LGBT+ equality

John Walker wins Supreme Court battle – ending pension inequality for same-sex couples

Posted on 12 Jul 2017

Liberty client John Walker has today won his five-year legal battle to secure equal pension benefits for his husband – in a landmark case that could change the lives of thousands of couples across the UK.

The Supreme Court has ruled unanimously that an exemption in the Equality Act – letting employers exclude same-sex partners from spousal benefits paid into pension funds before December 2005 – is discriminatory and breaches EU equality laws.

The ruling from the UK’s highest court means the provision is immediately disapplied. From today, companies taking advantage of the exemption will be breaking the law.

It marks the end of a lengthy fight for Mr Walker and Liberty, after an initial Employment Tribunal victory in 2012.

John Walker said: “I am absolutely thrilled at today’s ruling, which is a victory for basic fairness and decency. Finally this absurd injustice has been consigned to the history books – and my husband and I can now get on with enjoying the rest of our lives together.

“But it is to our Government’s great shame that it has taken so many years, huge amounts of taxpayers’ money and the UK’s highest court to drag them into the 21st century. In the years since we started this legal challenge, how many people have spent their final days uncertain about whether their loved one would be looked after? How many people have been left unprovided for, having already suffered the loss of their partner?

“What I would like from Theresa May and her ministers today is a formal commitment that this change will stay on the statute books after Brexit.”

Emma Norton, Liberty lawyer acting for Mr Walker, said: “We are delighted the Supreme Court recognised this pernicious little provision for what it was – discrimination against gay people, pure and simple.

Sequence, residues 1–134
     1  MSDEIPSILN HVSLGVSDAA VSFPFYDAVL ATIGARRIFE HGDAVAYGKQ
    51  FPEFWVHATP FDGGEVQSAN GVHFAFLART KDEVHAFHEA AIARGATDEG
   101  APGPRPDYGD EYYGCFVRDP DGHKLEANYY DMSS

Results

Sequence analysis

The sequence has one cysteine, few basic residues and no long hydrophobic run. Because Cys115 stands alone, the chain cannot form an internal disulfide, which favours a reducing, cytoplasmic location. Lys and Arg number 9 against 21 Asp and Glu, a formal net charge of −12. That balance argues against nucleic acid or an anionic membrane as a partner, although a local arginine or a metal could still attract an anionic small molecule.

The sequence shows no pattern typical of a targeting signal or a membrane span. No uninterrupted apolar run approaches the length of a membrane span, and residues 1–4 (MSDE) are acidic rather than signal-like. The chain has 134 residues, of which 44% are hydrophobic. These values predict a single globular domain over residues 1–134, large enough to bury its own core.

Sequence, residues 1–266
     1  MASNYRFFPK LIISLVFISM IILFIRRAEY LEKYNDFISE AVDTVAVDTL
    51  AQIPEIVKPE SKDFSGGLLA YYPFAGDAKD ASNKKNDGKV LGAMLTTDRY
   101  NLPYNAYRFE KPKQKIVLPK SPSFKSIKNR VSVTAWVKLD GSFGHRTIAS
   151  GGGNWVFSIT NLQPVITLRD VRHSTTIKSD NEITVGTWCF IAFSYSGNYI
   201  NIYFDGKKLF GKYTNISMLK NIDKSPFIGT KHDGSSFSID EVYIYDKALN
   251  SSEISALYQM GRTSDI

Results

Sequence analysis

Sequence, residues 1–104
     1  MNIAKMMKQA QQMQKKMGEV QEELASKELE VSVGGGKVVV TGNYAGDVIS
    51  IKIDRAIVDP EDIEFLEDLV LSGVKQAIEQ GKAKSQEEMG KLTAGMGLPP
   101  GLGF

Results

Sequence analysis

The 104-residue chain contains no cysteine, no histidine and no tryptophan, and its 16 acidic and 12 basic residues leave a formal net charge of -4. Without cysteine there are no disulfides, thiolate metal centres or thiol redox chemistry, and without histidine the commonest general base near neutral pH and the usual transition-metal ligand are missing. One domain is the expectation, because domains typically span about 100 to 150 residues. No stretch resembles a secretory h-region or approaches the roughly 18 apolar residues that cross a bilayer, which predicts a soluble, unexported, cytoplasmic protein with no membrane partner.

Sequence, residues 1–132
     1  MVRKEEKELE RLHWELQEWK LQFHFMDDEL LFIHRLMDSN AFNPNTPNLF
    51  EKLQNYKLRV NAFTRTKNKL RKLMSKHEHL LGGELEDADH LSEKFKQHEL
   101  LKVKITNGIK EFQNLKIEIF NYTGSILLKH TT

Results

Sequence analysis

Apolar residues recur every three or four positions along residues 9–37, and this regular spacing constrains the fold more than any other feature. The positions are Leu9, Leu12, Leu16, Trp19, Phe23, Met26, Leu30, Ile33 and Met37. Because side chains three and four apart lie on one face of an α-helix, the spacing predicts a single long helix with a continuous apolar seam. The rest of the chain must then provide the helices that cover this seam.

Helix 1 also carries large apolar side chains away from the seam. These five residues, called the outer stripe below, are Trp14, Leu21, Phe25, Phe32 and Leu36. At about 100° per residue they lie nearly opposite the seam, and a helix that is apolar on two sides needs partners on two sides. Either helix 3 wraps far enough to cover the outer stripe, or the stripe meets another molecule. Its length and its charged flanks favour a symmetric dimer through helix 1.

“But this ruling was made under EU law and is a direct consequence of the rights protection the EU gives us. We now risk losing that protection. The Government must promise that there will be no rollback on LGBT rights after Brexit – and commit to fully protecting them in UK law.

“How else can John be sure he and others like him have achieved lasting justice today?”


John Walker retired from chemicals group Innospec in 2003, having worked for the company for more than 20 years.

During his time there, he was required to pay into its pension scheme. He made the same contributions as his heterosexual colleagues.

Mr Walker and his husband have been together since 1993. They entered into a civil partnership in January 2006, having registered on the first day it was legally possible to do so. This was later converted into a marriage.

Relying on the Equality Act exemption, Innospec made clear that – should Mr Walker die – his husband would not receive the same survivor benefits he would if he were a woman.

Those benefits would not include all the contributions Mr Walker had made prior to 2005 – leaving his husband with a pension of only a few hundred pounds a year. If he were married to a woman, she would receive £45,000 a year for the rest of her life.

Innospec’s position was supported by the Department for Work and Pensions (DWP), which joined the case and led much of the argument against Mr Walker.

The DWP argued that gay couples in the position of Mr Walker and his husband should not benefit from the same pension arrangements as heterosexual couples.

Today’s judgment

Today’s unanimous judgment was given by Lord Kerr. All five justices agreed the loophole was discriminatory and breached EU law.

The judgment finds that:

  • The legal status of gay and lesbian employees has been transformed by the introduction of equality legislation from the EU (paragraph 17).
  • Non-discrimination on grounds of sexual orientation is now a principle of EU law. Any denial of a spouse’s pension calculated on the basis of all Mr Walker’s years of service would be unlawful (paragraph 74).
  • The Equality Act loophole that enables such discrimination is unlawful and must be disapplied. Mr Walker’s husband is entitled to a spouse’s pension calculated on all the years of Mr Walker’s time with Innospec (paragraph 76).
  • Since the European Communities Act 1972, UK courts have had the power to disapply national law where it conflicts with EU law. This will change when the UK leaves the EU.

Liberty instructed Martin Chamberlain QC and Max Schaefer of Brick Court Chambers in this case.

John would like to extend his thanks to Lord Glendonbrook and the Michael Bishop Foundation for their generous support, without which these proceedings would not have happened.

Contact: Liberty Press Office on 020 7378 3656, 07973 831128 or at

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